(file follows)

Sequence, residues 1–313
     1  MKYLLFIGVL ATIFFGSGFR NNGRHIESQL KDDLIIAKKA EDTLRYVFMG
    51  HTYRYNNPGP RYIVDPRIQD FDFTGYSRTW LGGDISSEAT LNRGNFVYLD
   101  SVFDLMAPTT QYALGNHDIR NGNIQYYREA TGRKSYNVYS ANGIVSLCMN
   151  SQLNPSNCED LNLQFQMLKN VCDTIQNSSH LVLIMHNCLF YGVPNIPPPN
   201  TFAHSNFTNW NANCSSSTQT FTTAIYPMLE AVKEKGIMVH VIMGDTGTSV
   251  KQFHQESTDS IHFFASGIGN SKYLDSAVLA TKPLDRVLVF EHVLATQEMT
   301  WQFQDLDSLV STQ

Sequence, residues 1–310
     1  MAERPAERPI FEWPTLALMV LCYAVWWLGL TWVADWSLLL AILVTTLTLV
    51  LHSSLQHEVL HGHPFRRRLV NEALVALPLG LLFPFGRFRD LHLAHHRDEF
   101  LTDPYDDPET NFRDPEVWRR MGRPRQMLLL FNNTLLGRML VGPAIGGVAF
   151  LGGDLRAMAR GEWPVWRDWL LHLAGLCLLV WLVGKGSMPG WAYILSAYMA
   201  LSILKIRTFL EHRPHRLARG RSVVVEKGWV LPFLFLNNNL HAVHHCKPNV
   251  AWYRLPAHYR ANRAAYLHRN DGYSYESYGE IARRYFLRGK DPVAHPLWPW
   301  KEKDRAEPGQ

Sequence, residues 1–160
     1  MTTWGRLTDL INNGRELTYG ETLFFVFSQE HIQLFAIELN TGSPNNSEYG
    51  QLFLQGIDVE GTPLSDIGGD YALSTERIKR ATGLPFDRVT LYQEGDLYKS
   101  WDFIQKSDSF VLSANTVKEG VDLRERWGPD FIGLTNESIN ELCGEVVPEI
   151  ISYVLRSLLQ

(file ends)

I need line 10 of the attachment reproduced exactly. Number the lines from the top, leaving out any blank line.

     1  MAERPAERPI FEWPTLALMV LCYAVWWLGL TWVADWSLLL AILVTTLTLV